$600 -$1,000; no Wal*Mart (not including golf lesson)
$1,500 - $3,000; no eBay
purchases and do you really need a lesson?

Unfair advantage
Golfers who’ve never played a muni but are single digit handicaps
5’8 145lbs riders who climb 7% grades in their big ring

Party atmosphere
19 opportunities for a safety meeting
It generally goes down after the ride

Upward Trends
Teenage phenoms

Downward Trends
Teenage phenoms
Cross country racing

Tolerable vices
Cigarettes, cigar, beer, most pharmaceuticals
None if you plan on climbing hills

Rites of passage
The clubhouse and the “cart girls”
Cliff bars, gels, flavored water, electrolyte pills, Cytomax, cramps

Equal opportunity acronyms

Sex appeal
350 yard drives
Girls in Lycra

You’re either a lying jackass or you’re not because YOU penalize yourself
You’re either on dope or denying ever taking any drugs except to combat allergies, insomnia, asthma, and irritable bowels

Must See TV
Back nine of The Masters on Sunday on CBS
The 21-turn, 14km climb up L’Alpe d’Huez airs 4am on the West Coast

The Voice
A bunch of rich retired former golfers all with foreign accents

Phil Leggett & Paul Sherwin
Universal acceptance
Cleveland 60 degree wedge

Chris King headset
Appeal to the masses of weight conscious Americans
Golf carts, pull carts, laser yardage finders, “hot” drivers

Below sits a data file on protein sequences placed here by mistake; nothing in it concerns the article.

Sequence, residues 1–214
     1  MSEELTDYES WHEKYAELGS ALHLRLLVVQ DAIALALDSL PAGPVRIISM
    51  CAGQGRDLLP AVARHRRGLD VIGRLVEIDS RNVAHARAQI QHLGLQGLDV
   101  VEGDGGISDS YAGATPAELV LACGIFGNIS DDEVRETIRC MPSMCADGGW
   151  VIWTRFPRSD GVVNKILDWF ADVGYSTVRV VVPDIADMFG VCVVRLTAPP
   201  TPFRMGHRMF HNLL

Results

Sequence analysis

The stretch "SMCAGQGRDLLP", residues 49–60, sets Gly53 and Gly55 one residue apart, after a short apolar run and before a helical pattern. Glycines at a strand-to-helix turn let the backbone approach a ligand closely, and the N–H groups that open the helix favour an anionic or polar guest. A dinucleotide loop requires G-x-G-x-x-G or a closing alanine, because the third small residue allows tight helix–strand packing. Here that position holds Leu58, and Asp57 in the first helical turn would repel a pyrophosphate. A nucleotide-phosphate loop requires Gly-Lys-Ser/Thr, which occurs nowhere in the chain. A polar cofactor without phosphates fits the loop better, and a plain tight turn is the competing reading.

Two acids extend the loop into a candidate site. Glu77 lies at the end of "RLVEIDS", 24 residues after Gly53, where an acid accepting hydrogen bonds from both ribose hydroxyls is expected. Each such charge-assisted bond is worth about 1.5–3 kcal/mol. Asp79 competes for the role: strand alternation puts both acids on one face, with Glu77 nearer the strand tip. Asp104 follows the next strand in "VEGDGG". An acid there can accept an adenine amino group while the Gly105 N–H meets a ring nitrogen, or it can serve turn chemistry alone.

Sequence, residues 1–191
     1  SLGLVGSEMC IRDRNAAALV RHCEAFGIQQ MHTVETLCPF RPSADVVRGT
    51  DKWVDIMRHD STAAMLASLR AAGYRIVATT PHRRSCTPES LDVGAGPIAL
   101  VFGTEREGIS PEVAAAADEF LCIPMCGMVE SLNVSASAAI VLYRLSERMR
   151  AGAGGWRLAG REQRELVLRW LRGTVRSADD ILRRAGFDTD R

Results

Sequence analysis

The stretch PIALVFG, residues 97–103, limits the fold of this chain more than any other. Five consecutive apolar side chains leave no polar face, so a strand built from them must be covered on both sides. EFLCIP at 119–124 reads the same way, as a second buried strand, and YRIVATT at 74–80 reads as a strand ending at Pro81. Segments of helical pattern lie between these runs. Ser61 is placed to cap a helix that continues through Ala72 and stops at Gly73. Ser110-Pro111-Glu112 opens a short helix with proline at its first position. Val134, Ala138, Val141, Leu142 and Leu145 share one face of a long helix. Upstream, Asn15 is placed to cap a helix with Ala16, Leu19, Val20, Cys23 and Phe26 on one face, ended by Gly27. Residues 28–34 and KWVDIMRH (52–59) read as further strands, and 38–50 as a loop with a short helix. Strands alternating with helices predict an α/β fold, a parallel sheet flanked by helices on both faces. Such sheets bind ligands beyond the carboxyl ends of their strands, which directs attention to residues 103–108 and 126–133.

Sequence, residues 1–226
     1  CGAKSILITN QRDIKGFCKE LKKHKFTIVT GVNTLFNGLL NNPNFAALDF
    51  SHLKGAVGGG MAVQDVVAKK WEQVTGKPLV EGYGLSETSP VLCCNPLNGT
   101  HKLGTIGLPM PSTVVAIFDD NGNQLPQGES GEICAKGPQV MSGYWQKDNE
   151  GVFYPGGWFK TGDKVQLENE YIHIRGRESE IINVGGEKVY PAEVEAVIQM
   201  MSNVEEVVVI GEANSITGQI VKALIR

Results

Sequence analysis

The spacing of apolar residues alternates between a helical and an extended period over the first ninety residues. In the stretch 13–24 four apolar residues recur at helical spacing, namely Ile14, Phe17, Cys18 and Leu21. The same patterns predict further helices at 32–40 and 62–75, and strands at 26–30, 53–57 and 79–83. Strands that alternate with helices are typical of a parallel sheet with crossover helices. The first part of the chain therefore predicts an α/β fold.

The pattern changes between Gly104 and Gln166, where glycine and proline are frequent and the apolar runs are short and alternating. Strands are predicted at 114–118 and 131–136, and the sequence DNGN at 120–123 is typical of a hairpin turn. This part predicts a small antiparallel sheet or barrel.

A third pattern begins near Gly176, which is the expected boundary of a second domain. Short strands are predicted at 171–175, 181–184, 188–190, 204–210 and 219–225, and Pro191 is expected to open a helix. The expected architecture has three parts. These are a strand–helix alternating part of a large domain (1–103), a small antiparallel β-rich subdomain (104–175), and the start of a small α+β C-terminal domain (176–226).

Watts, grams, anaerobic threshold, VO max
Support for a green planet
Indoor driving ranges
Critical mass

Biggest inconvenience for the celebrity crowd
You’ll always be small potatoes compared to some guy named Tiger

There’s always someone making you pee in a cup
Biggest inconvenience for the average Joe crowd
Greens are being aerated
Water bottles that are ruined after one ride

Expecting the unexpected
Showing up early and teeing off late in the foursome from Hell
Getting caught in a torrential downpour 15 miles from home

Ultimate Amateur Rush
Qualifying for the US Open with all four rounds shown live on NBC
Qualifying for the US Nationals with results printed in VeloNews 4 months after the race

Addictive ingredient
Perfectly struck 4-iron
Single-track in the forest

Painful reminder of your limits
3 putts from ten feet
80 miles on a worn chamois & hard saddle

Nightmare triggers
Sand, water, and downhill putts
Windy roads and uninsured motorists

Family vacation choices
Florida or Scotland
Lake Tahoe or France

And the debate rages on with no clear winner. As with most of life’s epicurean pursuits, it’s usually a matter of choice that guides our passions. Better still, lifestyle is most often a measure and reflection of one’s financial resources. Seen through this somewhat narrow prism, cycling and golf will always be tinged with palpable snobbery, just as the next NBA legend will sport inner city scars and tattoos. But if I let that argument flow without a rebuttal, then I’ve just wasted a thousand words. No, in fact, I'm going to argue that the cycling community, in its sometimes inadvertent though often misguided effort to model the fallacies of the golf industry, has created a fragmented elitist sport that is wasteful, manipulative, uninspired, and terribly mismanaged. Tune in next time for part deuce.